|Off-loading The "Lady Barbara"|
|By Bill Frank|
With visions of wonderful conchological discoveries dancing in your head, you drove many hours to the Florida Panhandle scallop dumps. Upon arrival you were awed by the presence of 1/2 acre lots piled 12 feet high with scallops.
With great expectations, you began digging. Unfortunately, you soon discovered that you spent a lot of time digging and found few shells of interest. How is this possible? Why so few shells other than scallops?
On a recent trip to Carrabelle in the panhandle I was able to participate in the off-loading of the "Lady Barbara," an approximately 65 foot South Carolina-registered, former Port Canaveral, scallop trawler. This experience helped to partially explain the aforementioned lack of shells in certain dumps.
The "Lady Barbara" had trawled offshore overnight before returning to port at daybreak to be off-loaded. The entire aft and mid-ships sections of the vessel were loaded to near the gunnels with dredged material.
Never having seen an off-loading up close, I approached one of the workers at the scallop plant and inquired if I might watch. Luckily, the individual not only consented but turned out to be a "trash man;" one who separated the trash (fish, shells, rocks, etc.) from the scallops. After further conversation, he and his two co-workers agreed to hand me, standing below their work stations, all the shells other than scallops which came down the conveyor belts.
The procedure for off-loading was to remove the scallops from the deck of the boat with a clamshell bucket and drop them into a large hopper which fed two belts for the "trash men." They then removed the material other than scallops and placed it on the trash belt. The scallops normally would then go into the plant for processing and finally out of the plant into a truck waiting for the now empty shells. The trash belt fed directly into a waiting dump truck.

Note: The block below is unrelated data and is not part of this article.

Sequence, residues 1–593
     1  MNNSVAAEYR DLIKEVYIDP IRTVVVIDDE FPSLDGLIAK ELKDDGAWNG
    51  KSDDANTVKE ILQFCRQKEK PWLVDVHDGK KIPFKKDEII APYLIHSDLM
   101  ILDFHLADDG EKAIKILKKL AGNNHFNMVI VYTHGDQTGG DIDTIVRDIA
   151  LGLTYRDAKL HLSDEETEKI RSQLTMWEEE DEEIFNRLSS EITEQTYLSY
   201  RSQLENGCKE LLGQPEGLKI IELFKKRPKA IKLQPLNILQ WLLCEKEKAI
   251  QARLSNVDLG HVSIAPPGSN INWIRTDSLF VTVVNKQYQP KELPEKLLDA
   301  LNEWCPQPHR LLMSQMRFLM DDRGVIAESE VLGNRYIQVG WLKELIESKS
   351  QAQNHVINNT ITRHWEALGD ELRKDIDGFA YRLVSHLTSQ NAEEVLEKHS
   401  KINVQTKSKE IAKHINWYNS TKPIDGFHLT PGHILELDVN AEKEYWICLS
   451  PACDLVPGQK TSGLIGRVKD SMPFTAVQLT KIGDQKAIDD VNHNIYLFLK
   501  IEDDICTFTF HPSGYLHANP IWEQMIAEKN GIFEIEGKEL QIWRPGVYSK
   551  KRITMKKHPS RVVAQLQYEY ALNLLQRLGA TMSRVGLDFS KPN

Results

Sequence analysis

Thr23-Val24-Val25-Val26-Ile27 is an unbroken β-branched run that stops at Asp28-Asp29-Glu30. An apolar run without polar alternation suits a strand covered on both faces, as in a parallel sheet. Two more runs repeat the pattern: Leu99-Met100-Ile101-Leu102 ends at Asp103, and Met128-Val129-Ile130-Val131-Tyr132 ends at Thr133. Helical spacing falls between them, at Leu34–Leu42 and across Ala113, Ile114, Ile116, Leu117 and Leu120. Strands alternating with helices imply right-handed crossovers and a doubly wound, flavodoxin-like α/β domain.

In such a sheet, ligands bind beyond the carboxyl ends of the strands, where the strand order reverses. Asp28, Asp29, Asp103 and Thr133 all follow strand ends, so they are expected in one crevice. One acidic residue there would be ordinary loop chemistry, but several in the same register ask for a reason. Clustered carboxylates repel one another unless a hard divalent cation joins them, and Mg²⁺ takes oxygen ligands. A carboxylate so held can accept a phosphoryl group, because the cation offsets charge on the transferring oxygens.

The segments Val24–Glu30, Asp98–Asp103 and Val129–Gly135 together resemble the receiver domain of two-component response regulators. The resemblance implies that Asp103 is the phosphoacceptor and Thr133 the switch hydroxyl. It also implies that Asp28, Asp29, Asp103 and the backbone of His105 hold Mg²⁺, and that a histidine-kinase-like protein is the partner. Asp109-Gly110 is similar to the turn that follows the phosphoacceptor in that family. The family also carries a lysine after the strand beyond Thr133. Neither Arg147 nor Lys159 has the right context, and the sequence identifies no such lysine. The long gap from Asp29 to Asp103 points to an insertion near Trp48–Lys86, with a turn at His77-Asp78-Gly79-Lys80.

In this particular instance, the scallops were to be processed at another facility and were thus loaded into an 18-wheeler while the trash went directly to a truck to taken to the off-loading facilities scallop dump. The processed scallop shells would ultimately be dumped by the plant which extracted the meats from the now culled material.
Fortunately, as soon as off-loading had gotten underway, the diesel engine powering the clamshell off-loader developed problems necessitating about an hour's repairs. During this period I was able to closely examine the dredged material. It didn't look promising until a five inch plus Scaphella junonia was seen crawling across one of the few remaining portions of exposed deck. Upon being asked, the trawler crew readily granted me permission to come aboard and look around. When notified of this wayward spotted shell, they gladly gave it to me and said I could have anything other than scallops from the mass of writhing sea bottom on the deck.
After about 30 minutes of wading and poking around in the dredged material, the take was only four S. junonia, two Cinctura hunteria forms, a couple of small Busycon perversum, and two dead paired Macrocallista maculata. Not much of a haul considering that it was exactly as it was taken from the ocean bottom and had not been culled by the crew other than to remove a large Triplofusus giganteus and five massive Busycon perversum; all destined for the cooks pot.
Soon the diesel engine was repaired and the off-loading began anew. In less than two hours it was all over. Only two additional S. junonia had been found in addition to a few other common shells. While it appeared likely that during the hectic pace of off-loading the trash belt workers overlooked some shells, especially smaller species and bi-valves, less than 20 shells had been found in the several tons of dredged material. If you wanted sand dollars, it was a treasure trove but if you wanted shells if was a big disappointment.
As has been observed in other non-culled dump sites, or sites where the trash was dumped with the processed scallop shells, the most common find other than scallops was S. junonia.
From this experience, the easy answer as to why there are few shells of interest in the dumps is simply that they are not being trawled along with the scallops. Also, the trawled material may have been culled by another facility and the by-catch, such as S. junonia, was dumped elsewhere. Similarly, the dredged material may have been culled by the "trash men" and the by-catch shells were given to or sold to an interested party.
Do you want to find shells without straining your back? Then find the dirtiest, most odoriferous dump with rotting fish, crabs, skate, etc.; and you should have one that contains both the processed scallop shells and the by-catch. Happy shelling!
*One of the Scaphella junonia collected during the off-loading process was returned to Jacksonville and placed in an aquarium where it lived for another year and a half.